The Javascript Programming Language

We have made excellent progress toward learning about Web Programming. You have learned something about two of the three primary web programming languages. We will continue to explore HTML and CSS in more detail, but it is now time to turn our attention to Javascript.

Although we have been calling HTML and CSS programming languages, they do not have nearly the power of Javascript. Once you learn Javascript you could can write any program that could be written.

Javascript is a procedural language. With HTML and especially CSS the order of things is not always important, but with Javascript, the order that you do things in is very important. Javascript is also called an object oriented language. That means that we will be working with objects in our imaginary world of the browser. Objects can tell us things we want to know, and objects know how to do many things. We only need to write a javascript program to ask or tell.

But, lets not get caught up in a bunch of formal talk about computer science and programming language theory, lets start with a simple example of one of the things that Javascript is good at doing, namely making buttons do interesting things. For our first program lets make a button that changes the background color of our window.

Now that example may look very complex to you, and in fact it does demonstrate LOTS of important aspects of programming. But do not worry, we’ll dissect this example carefully so that you fully understand what is going on.

Here are some questions that we should answer about the example above:

  1. Button? We haven’t talked about a button tag before, whats the deal with that?
  2. What is the onclick attribute for?
  3. script tag? Again this is a new one why a script tag?
  4. What in the world does all of that stuff inside the script tag mean?
  5. What happened to my button!?!

Those are all very good questions, I’m glad you asked. Lets take them one at a time right now, and then we’ll expand upon the ideas in the next few sections.

The button tag is part of HTML that is going to allow us to make interactive websites. In addition to buttons there are other things like check boxes, and text input, that we will talk about in the next section. For now we will use the button as a simple example, of something we are all used to using every day.

The onclick attribute is the way we answer the question, “what should this button do when someone clicks on it.” The answer in this case is may lead to confusion, but hopefully you at least get the idea that when the button is clicked we want to “change this page”. The way we are going to do this is through a function call. You have used functions in math class many times, and these are not all that different. The important thing to remember is that functions are abstractions of things that need doing. We all use abstractions all the time in our everyday life.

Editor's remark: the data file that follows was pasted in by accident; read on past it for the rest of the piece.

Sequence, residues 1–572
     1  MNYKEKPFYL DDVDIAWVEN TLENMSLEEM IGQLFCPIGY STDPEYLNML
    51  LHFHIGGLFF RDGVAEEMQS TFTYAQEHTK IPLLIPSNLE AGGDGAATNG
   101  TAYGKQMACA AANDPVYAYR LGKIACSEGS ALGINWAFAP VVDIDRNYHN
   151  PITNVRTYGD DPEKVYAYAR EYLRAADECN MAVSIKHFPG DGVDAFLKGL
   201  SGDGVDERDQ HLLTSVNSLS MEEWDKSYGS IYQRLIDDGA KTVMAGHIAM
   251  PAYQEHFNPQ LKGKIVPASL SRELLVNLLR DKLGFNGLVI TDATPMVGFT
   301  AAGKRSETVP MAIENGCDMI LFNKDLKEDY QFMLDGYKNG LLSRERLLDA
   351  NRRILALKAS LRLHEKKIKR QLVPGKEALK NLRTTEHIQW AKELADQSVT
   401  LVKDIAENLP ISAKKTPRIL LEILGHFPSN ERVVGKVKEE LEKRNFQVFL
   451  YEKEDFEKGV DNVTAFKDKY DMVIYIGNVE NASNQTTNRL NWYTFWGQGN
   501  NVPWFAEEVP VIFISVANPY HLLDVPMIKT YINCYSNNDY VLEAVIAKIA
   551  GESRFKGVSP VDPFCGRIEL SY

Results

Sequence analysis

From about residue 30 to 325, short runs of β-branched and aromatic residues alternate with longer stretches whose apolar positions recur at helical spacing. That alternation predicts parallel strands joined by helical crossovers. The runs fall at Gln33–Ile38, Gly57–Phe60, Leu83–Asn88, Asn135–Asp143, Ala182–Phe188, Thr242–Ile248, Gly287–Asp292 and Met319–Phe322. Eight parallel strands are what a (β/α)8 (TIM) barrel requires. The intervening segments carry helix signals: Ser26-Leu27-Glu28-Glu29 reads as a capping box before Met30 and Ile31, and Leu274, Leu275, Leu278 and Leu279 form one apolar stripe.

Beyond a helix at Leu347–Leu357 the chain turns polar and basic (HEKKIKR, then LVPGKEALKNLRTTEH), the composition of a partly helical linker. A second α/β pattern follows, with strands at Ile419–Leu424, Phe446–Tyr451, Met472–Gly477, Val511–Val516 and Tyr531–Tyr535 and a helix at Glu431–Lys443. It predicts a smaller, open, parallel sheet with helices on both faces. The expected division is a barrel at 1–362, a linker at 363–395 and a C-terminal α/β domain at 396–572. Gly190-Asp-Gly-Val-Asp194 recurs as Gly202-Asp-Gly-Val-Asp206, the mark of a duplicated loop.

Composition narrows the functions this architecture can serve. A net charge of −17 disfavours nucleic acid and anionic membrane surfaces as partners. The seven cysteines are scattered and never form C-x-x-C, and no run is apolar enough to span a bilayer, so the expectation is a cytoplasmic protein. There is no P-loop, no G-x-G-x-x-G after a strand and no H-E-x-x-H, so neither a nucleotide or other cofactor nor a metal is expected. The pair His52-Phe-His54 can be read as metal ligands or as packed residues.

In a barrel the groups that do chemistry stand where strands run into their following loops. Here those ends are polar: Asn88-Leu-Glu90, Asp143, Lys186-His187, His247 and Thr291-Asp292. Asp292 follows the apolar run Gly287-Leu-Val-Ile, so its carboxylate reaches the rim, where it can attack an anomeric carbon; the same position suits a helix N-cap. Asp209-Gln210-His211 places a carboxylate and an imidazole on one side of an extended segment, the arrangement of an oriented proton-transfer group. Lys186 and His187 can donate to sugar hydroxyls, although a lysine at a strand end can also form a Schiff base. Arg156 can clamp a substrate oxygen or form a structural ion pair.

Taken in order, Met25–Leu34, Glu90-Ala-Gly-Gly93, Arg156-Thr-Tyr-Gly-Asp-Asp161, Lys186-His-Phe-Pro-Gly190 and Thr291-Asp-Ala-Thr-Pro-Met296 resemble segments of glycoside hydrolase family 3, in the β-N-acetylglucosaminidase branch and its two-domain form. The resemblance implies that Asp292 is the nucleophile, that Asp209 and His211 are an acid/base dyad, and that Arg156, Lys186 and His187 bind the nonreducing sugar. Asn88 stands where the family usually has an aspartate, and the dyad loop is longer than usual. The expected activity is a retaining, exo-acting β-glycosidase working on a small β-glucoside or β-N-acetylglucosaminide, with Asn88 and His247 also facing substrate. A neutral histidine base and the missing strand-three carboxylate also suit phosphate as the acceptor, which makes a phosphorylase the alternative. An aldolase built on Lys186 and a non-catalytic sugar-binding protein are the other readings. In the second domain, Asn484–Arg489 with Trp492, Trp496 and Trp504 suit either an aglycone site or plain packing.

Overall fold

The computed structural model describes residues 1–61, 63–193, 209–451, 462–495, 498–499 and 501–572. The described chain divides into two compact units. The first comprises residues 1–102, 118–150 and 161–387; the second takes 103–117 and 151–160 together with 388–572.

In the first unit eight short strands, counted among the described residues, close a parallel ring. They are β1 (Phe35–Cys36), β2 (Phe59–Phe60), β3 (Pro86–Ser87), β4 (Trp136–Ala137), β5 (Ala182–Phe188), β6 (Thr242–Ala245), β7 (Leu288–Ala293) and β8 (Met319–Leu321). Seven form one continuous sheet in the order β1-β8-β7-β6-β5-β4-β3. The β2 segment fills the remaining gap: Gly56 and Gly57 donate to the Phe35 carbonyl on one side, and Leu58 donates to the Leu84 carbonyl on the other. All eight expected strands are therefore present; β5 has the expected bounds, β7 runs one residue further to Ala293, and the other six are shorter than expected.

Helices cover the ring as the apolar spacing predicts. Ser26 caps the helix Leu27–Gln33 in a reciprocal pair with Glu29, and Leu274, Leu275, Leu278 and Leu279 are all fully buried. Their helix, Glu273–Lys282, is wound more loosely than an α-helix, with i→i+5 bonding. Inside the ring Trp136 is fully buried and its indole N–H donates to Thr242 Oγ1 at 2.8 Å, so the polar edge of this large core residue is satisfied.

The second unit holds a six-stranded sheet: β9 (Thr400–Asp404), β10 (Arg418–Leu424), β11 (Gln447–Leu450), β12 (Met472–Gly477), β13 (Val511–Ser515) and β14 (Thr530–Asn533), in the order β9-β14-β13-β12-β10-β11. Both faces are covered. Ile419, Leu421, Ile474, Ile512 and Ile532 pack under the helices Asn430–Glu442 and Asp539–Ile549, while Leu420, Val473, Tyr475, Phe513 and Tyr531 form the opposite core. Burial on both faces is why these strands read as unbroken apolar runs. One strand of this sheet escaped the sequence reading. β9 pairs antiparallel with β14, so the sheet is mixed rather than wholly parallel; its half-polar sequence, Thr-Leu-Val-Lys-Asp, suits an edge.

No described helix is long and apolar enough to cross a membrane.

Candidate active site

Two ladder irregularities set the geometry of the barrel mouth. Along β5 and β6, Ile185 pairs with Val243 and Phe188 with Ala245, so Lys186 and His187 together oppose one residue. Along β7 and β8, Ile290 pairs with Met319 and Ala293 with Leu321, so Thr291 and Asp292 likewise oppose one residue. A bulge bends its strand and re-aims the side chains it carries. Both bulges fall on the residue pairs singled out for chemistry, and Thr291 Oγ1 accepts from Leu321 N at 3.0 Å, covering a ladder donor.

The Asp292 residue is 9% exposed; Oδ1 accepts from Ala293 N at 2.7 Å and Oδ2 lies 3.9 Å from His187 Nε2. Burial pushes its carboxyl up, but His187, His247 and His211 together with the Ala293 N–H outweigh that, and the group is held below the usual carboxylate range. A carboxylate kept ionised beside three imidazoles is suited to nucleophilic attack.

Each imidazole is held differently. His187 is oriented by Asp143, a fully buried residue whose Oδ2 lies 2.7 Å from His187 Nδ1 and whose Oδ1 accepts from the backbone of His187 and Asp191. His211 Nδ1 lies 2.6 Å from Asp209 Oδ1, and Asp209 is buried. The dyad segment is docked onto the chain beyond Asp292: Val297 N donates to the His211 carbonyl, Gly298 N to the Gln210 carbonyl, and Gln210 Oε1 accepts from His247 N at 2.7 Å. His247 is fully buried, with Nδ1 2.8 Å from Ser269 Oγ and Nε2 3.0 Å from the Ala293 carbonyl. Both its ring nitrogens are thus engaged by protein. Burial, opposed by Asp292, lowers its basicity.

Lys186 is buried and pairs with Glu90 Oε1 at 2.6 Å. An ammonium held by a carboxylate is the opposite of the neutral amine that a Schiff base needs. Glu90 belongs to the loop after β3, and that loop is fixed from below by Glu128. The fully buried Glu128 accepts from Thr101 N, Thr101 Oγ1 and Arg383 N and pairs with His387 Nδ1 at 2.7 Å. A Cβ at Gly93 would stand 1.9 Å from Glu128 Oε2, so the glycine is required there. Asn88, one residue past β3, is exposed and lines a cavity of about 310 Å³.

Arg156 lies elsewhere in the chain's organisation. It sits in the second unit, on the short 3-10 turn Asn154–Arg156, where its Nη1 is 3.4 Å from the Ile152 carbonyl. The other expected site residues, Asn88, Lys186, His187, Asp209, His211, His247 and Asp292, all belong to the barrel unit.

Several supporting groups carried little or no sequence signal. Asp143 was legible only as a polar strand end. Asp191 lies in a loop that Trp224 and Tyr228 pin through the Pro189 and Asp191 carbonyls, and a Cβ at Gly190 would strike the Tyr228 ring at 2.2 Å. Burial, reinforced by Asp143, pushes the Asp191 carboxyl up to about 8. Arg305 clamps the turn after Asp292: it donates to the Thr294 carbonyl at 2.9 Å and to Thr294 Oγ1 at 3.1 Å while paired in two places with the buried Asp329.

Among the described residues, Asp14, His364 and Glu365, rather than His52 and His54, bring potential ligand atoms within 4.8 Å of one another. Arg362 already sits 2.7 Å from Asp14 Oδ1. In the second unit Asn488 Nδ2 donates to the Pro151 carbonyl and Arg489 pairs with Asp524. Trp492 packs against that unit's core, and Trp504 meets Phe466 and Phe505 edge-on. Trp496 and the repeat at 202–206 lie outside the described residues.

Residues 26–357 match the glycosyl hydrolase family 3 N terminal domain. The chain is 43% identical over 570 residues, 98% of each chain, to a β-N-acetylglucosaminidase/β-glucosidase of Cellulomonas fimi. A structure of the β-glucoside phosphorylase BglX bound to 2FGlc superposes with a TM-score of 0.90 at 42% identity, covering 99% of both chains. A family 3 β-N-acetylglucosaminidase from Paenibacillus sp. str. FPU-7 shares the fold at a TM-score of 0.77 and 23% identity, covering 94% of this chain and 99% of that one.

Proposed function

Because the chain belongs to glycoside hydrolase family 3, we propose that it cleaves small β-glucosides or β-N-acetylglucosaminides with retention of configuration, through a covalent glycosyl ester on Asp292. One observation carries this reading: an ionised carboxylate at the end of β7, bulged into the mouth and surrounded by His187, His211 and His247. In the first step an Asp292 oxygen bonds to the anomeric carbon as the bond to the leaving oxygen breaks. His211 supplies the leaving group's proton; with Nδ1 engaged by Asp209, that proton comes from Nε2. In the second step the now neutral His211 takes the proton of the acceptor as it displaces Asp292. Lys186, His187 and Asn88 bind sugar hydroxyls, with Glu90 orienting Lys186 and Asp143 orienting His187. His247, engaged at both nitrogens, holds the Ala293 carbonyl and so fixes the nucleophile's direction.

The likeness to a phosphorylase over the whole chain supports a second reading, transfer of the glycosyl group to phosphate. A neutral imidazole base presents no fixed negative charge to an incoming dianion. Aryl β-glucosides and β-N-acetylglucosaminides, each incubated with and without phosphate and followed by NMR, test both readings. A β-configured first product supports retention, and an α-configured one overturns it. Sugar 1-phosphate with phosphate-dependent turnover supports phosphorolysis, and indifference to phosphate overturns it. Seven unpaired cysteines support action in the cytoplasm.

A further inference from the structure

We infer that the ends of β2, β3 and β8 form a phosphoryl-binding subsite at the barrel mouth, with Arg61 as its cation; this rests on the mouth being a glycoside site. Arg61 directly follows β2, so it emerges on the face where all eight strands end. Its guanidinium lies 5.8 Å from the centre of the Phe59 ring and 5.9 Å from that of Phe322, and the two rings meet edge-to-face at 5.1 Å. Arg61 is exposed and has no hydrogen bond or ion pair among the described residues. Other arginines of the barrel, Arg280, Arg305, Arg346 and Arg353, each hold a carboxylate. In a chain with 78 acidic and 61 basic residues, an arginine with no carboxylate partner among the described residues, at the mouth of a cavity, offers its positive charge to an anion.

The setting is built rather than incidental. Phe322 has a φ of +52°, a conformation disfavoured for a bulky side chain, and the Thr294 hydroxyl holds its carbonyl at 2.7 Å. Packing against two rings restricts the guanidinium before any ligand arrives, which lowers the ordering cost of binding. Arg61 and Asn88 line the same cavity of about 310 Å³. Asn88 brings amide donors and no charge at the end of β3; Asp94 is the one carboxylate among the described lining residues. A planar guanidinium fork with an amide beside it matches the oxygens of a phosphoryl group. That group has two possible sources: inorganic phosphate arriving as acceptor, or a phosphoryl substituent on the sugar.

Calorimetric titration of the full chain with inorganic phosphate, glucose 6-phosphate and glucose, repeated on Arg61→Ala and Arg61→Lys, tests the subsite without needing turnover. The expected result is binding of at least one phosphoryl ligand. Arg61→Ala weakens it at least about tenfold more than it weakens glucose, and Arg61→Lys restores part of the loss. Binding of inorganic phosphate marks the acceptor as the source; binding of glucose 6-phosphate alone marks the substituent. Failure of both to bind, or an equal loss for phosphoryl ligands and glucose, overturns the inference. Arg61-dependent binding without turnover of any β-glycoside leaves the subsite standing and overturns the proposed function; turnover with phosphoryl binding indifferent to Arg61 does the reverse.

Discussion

For example, you may tell your friend, “I’m going to Computer Science now.” this is an abstraction of the following hypothetical steps:

  1. Get out of bed.
  2. Get dressed
  3. Walk out of your room, down the hall and wait for the elevator.
  4. Take the elevator to the fourth floor.
  5. Walk out of the elevator, out of the door, and across campus to Olin hall.
  6. Go in the door, and up the stairs to second floor, enter room 202 and find your favorite place to sit.

That would be a long boring conversation if you responded with all 6 of those steps every time a friend asked you what you were doing. But your friend understands those steps are necessary when you say you are going to class. Further more even step 1 is an abstraction of several smaller steps: Sit up, remove the covers, slide my legs over the side of the bed, stand up (or climb down the ladder).

This brings us to the next question, the script tag is one way that we can include Javascript in our HTML. But like CSS we will see that we can, and should, also include Javascript by putting it in its own file and including it. More on that later.

The stuff inside the script tag is Javascript code. This code contains a function definition which is how we create our very own abstractions. Unlike your friend to naturally understands what it means to go to class, computers are very dumb, and very literal, they only do what you tell them. In this case there are two steps to our abstraction. One changes the background color of the body, and the second one changes our message. These lines are also abstractions of a very complicated set of steps that we as programmers don’t need to know the details of right now. We just need to know which abstractions the browser understands.

Lets defer the question of what happened to the button for just a bit. In the meantime experiment with the Javascript code by trying the following things:

  1. Make the background light green
  2. Experiment with different style elements we have learned about through CSS. See if you can add a line that makes the text red.
  3. Can you change the fontSize to 48pt?
  4. What does that tell you about document.body.style?
  5. Change the wording inside the <h1> tag in the Javascript.
  6. What happens if you add <button>Click Me</button> after the closing </h1>?

Lets look at a little different example that accomplishes the same thing, but illustrates how CSS, Javascript, and HTML all work together. In this example rather than setting the color of the background directly, we will make the body have the class attribute “myclass” when the button is clicked.

Now,

Next Section - Objects Attributes and Methods